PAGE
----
Thursday, January 26, 2012

On living at high altitude

Addis Ababa, Ethiopia is at roughly 7,700 feet above sea level. Essentially the city is on a large plateau. This is my first time living at a high altitude and I’ve learned a few things in just the few weeks we’ve been here.
I’m fat and old. Well, at least the altitude makes me feel that way. I am sucking wind pretty hard when I reach the top of our four flights of stairs. Going up and down during the day is all the exercise I need right now. It takes about a month to get acclimated to the new altitude. I can feel the stairs getting easier and easier as the weeks go on.
I’m starving. Our bodies work extra hard while moving around in the high altitude and I’m burning a ton more calories just living in this thin air. That makes me hungry all the time. Addie and Bella are hungry all the time too. I’ve never seen these children ask for as much food as they have in the past few weeks. Nursing Ashlynn is burning a ton of calories every day too. In the few weeks we’ve been living here I’ve lost enough of the baby weight to get back into a pair of jean shorts I bought while we were in New Zealand in October of 2010! WooHoo for getting my pre-baby body back. High altitude is kind of awesome in this way actually. Keeping enough healthy snacks on hand for the girls is kind of tough though.
I’m thirsty like a camel. It’s extremely easy to get dehydrated here. Maybe it’s a combination of being at a high altitude and at the equator at the same time. Whatever the reason, we have to drink a lot of water to stay hydrated. We get headaches frequently in the evenings if we haven’t had enough. If the girls wake up with dry crinkly lips I know they haven’t had enough. I go through about three Nalgene bottles full of water in a 24 hour period and that’s probably still not enough.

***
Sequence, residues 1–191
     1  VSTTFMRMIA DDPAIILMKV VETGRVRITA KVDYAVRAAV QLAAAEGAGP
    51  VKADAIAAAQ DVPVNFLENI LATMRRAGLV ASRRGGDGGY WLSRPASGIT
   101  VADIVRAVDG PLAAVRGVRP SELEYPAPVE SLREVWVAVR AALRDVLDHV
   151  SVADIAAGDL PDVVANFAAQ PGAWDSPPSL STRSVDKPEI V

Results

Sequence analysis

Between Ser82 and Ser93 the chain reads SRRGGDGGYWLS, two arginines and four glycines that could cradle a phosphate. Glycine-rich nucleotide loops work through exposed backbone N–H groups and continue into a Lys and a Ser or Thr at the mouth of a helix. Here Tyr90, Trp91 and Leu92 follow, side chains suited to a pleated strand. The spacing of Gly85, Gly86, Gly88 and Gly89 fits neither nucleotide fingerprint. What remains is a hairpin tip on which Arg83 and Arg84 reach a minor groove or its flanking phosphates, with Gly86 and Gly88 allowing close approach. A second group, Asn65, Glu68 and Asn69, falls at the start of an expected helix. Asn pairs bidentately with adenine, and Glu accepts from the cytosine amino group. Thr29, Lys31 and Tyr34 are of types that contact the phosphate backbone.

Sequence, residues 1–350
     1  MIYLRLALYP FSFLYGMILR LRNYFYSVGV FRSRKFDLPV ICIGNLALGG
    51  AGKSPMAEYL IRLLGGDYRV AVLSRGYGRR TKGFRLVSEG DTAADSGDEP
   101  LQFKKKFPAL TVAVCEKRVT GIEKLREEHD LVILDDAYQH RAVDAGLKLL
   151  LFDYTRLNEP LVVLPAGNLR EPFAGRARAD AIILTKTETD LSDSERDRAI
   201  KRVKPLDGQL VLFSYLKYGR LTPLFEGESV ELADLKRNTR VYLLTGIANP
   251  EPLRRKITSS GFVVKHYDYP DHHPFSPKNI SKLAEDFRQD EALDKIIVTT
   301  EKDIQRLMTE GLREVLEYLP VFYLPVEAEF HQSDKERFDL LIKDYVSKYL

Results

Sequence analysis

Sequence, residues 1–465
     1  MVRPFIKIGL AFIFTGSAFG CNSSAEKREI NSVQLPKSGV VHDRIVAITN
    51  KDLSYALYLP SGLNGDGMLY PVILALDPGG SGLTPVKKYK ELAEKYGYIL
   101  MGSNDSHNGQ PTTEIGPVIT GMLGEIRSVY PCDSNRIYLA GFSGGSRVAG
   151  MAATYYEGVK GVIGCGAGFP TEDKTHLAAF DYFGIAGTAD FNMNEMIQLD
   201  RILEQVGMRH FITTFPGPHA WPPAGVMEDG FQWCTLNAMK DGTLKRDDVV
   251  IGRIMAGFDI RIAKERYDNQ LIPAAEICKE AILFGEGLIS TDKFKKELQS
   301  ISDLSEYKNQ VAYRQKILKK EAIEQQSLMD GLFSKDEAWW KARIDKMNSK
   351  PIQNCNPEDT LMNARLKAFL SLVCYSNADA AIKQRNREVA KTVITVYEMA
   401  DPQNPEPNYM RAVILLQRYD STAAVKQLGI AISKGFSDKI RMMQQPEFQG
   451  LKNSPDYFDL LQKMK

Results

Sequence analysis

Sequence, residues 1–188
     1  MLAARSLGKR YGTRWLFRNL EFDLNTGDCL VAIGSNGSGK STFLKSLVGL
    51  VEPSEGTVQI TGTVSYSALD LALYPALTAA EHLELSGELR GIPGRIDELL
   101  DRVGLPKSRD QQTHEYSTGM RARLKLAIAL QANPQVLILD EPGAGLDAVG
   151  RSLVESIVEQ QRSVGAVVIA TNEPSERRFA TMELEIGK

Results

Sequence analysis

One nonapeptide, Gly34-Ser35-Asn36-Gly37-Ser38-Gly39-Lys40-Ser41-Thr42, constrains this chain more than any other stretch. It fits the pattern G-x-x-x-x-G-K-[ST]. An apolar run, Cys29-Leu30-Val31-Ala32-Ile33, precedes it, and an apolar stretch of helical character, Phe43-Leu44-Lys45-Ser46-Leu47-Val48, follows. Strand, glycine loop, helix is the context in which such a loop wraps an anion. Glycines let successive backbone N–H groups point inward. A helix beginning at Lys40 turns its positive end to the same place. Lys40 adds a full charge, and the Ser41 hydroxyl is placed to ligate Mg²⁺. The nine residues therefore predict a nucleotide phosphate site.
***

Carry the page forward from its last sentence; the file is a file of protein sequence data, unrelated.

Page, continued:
I’m exhausted. Just for the same reasons I’m hungry all the time; I feel even more tired at the end of each day. Having three kids under the age of five has something to do with it too; but my body is working pretty hard to get oxygen where it needs to go let alone run after my little ones. I’ve noticed the entire family is crashing harder at night.
I can still bake. I was nervous about trying to bake at high altitudes but really, it’s not much trouble at all. I’ve made banana pineapple bread, brownies, and bread pudding so far (after much searching for the ingredients-and making some substitutions here and there) and everything has turned out great. I simply adjust the recipe a bit according to a high altitude baking chart I found online and BAM-yummy eats are still in our house. Justin isn’t completely thrilled about this because he wants that high altitude extra calorie burning factor to help him stay slim and trim. My baking doesn’t help but it sure tastes good.
The sun in intense. Spending even a short amount of time in the Addis Ababa sun gives the girls a pink tinge. The weather may not be hot and humid here but the sun is much more intense than we are used to. I am trying to load up on SPF for everyone.
We have a marathon runner in the making. Little Ashlynn will have the amazing lung capacity of an Ethiopian runner by the time we leave here. Summer Olympics 2030? Maybe!


Kathleen said...

After living at altitude for a few years, y'all will feel like superstar athletes when you get back to sea level.

I take Ginko Biloba when I go up to Colorado to ski at 10,000-13,000 feet. It seems to help the adjustment. I think research says it helps your brain use oxygen more efficiently. Might be hard to get in Ethiopia but worth a try if you can find some.

Daniela Swider said...

I didn't know Adis was that high up. Interesting! Just tells you how ignorant I am, ha...